Given the Naturalist’s Jewish traditions, either date would be fine as the marker signifying the removal of decorations, and, in truth, I probably wouldn’t object if we waited, as is the case in other traditions, until the local fire department arrived to mandate the removal of needle-less and highly combustible no-longer-evergreens. But my wife comes from Anglican, or, at least, English stock, and I had time on the 5th, so, with John McCutcheon playing on the Home speaker, I gently removed the final ornament, a delicate glass tree topper, put on my gloves and eye goggles, tilted the tree towards the door, and made my way outside. In the chill, I unbolted the fir from the tree stand and then dragged it around the house to its winter quarters by a large witch hazel where it would be roped upright, decorated with the garlands of popcorn and cranberries the tree had worn indoors, and serve as a cold-weather roost and shelter for our songbirds and squirrels. We get a lot of pleasurable mileage out of a Christmas tree.

To be sure, the purging of the tree was basically the only ornamentation that was removed and re-stored by Three Kings Day, which was certainly a better way to celebrate the 6th than bemoaning the arrival of More-than-Three Not So Wise Men... and Women in the nation’s capitol last year, and we can only hope that our tardiness will not bring bad luck and misfortune to the ridge. If tradition is any guide, we’ll probably have the job finished and everything back in the attic by the weekend, after which we’ll sing a final chorus of “Breakin’ Up Christmas” and revel in memories until we start all over again next Thanksgiving.

And if we’re still a little past time in completing the tasks, blame it on the Weather Channel and that lurid orange box that appeared on the afternoon of the 6th bearing the words WINTER STORM WARNING. When I left home that morning to visit my dermatologist and have another round of precancerous skin lesions removed, the wages of too much sun exposure in my misspent youth, I planned on a leisurely afternoon stroll through a newly purchased refuge to monitor beaver activity and to hunt for the first sign of winter stoneflies. These hardy insects often emerge from their stream-bound adolescence at the first sign of seasonal warmth, and with the temperatures well into the 50s several days after the New Year, I figured I just might spot the first adults of the insect order Plecoptera.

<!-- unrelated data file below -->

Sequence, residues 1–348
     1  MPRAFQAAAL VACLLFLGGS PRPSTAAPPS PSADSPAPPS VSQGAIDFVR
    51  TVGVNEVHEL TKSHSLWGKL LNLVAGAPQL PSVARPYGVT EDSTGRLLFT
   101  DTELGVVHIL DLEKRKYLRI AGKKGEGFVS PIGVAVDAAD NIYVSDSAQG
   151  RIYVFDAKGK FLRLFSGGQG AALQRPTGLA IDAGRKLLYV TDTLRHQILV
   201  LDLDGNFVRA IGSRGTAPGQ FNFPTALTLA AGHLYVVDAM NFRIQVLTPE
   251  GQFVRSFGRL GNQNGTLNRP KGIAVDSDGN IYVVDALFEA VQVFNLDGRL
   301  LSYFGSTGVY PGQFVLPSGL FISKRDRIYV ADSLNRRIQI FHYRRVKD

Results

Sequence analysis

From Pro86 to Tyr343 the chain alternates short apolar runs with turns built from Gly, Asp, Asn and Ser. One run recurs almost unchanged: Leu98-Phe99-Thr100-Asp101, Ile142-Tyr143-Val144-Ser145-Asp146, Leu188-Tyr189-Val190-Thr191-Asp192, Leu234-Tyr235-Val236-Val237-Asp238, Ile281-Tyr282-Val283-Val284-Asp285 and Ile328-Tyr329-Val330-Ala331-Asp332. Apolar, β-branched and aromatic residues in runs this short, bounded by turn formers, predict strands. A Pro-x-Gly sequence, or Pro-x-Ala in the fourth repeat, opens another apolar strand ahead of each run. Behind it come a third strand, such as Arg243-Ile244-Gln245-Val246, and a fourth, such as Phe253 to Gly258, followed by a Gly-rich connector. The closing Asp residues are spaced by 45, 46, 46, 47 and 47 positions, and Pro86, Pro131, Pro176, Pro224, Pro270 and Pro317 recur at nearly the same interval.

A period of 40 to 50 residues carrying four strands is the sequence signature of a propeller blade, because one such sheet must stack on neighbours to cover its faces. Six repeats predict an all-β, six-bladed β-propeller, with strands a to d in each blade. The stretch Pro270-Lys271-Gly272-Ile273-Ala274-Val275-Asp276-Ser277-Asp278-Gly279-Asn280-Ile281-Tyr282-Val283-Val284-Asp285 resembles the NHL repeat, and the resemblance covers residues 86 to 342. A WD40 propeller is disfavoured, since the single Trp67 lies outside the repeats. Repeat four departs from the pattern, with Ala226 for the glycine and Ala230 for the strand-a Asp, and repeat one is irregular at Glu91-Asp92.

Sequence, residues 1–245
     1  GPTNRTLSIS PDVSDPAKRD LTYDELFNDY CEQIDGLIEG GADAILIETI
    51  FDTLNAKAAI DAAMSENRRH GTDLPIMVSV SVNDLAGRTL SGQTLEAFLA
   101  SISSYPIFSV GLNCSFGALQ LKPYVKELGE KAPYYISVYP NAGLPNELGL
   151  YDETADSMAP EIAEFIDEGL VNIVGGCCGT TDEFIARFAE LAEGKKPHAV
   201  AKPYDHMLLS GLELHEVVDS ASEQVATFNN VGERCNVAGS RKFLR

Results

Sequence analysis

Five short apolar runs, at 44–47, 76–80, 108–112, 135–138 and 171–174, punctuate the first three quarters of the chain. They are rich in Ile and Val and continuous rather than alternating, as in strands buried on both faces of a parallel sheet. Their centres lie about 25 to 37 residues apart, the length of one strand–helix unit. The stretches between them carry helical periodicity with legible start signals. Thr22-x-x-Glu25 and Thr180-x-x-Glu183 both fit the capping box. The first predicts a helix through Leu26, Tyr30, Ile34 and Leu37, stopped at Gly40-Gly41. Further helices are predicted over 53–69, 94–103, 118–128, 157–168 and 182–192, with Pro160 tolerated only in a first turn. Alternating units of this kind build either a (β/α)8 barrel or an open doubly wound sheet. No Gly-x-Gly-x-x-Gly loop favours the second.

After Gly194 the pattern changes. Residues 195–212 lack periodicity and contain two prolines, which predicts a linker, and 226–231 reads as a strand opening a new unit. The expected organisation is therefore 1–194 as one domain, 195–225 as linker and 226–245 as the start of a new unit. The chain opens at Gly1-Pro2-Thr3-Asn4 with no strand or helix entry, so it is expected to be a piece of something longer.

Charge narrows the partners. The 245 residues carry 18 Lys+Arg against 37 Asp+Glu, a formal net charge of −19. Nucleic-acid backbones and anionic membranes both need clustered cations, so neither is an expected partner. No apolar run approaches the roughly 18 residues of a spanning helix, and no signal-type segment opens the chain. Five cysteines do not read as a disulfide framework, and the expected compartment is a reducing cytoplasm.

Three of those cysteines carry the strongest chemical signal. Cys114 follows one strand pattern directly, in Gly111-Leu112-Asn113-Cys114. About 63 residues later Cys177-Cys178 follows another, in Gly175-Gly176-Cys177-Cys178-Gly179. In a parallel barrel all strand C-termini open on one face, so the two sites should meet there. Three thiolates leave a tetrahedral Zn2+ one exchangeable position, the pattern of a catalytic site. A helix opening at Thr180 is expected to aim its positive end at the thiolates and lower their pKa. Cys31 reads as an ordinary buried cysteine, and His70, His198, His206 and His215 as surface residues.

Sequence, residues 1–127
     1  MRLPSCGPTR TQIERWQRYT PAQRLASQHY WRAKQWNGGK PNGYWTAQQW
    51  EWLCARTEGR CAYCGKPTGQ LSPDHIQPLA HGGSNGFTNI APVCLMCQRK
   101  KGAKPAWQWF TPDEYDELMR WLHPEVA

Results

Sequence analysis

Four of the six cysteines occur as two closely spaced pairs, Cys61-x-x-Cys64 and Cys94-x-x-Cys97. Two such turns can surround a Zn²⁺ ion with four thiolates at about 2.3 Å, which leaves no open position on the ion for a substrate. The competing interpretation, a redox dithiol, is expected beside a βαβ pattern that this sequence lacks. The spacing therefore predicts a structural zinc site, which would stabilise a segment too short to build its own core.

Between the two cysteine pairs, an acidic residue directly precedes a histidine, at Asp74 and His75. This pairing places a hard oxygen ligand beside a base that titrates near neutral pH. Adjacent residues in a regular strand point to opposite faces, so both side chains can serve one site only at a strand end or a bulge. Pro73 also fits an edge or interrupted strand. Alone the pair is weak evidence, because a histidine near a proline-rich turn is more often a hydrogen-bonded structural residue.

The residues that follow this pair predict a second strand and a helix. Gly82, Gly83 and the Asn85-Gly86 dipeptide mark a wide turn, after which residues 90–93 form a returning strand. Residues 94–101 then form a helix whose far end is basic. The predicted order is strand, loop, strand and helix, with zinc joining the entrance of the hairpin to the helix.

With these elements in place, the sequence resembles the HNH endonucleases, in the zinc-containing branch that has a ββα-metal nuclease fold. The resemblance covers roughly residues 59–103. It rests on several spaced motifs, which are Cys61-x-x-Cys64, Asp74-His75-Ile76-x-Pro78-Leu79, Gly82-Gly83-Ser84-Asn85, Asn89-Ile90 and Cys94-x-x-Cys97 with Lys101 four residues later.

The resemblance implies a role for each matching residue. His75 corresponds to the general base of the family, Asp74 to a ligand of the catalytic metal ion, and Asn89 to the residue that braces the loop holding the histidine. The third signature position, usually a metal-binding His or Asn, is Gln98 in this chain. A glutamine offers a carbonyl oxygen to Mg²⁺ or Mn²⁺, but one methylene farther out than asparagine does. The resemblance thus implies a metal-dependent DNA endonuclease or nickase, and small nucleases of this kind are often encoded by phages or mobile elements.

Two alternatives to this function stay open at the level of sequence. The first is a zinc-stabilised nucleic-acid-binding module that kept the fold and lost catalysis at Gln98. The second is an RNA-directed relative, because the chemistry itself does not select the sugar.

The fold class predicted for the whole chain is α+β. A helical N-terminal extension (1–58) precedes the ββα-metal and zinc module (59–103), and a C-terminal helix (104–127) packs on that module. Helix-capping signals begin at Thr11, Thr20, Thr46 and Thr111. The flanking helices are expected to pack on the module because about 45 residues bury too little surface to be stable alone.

But it had turned a little too cold by the time I was able to hunt for the critters and the WC warning suggested that I’d best return home more quickly than I’d planned to haul wood and ready the stove for what now was looking like an actual storm that would, several days later, be accompanied by a genuine taste of the Deep Freeze. I worked quickly into the twilight, then dark, and by the time the developing storm had swallowed the crescent moon, I was ready for whatever would greet me during the overnight hours and daybreak.

Too bad the first taste of real winter hadn’t arrived before Christmas instead of waiting until post-breakup, but I had the shovels at hand, the pacemaker dialed up to handle the job, and my cross-country skis and skiing partner, a.k.a., my son Noah, ready to take advantage of nature’s blessing. The birds quickly found the tree and its offerings of food and shelter. I put another log on the fire, smiled, and headed out into the snow.